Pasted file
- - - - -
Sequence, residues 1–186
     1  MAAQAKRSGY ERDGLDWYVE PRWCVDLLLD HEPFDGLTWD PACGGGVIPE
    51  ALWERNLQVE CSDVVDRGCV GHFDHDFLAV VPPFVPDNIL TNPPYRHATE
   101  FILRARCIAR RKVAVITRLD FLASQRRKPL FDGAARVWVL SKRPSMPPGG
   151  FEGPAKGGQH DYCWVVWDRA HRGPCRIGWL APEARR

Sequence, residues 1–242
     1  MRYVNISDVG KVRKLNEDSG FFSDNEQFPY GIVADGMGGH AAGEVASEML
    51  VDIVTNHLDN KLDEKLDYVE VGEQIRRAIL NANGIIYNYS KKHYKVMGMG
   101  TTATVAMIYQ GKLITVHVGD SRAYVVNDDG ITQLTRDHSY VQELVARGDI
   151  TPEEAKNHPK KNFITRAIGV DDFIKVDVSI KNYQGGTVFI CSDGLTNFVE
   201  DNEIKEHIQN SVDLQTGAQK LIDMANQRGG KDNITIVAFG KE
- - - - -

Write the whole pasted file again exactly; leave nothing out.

Sequence, residues 1–186
     1  MAAQAKRSGY ERDGLDWYVE PRWCVDLLLD HEPFDGLTWD PACGGGVIPE
    51  ALWERNLQVE CSDVVDRGCV GHFDHDFLAV VPPFVPDNIL TNPPYRHATE
   101  FILRARCIAR RKVAVITRLD FLASQRRKPL FDGAARVWVL SKRPSMPPGG
   151  FEGPAKGGQH DYCWVVWDRA HRGPCRIGWL APEARR

Sequence, residues 1–242
     1  MRYVNISDVG KVRKLNEDSG FFSDNEQFPY GIVADGMGGH AAGEVASEML
    51  VDIVTNHLDN KLDEKLDYVE VGEQIRRAIL NANGIIYNYS KKHYKVMGMG
   101  TTATVAMIYQ GKLITVHVGD SRAYVVNDDG ITQLTRDHSY VQELVARGDI
   151  TPEEAKNHPK KNFITRAIGV DDFIKVDVSI KNYQGGTVFI CSDGLTNFVE
   201  DNEIKEHIQN SVDLQTGAQK LIDMANQRGG KDNITIVAFG KE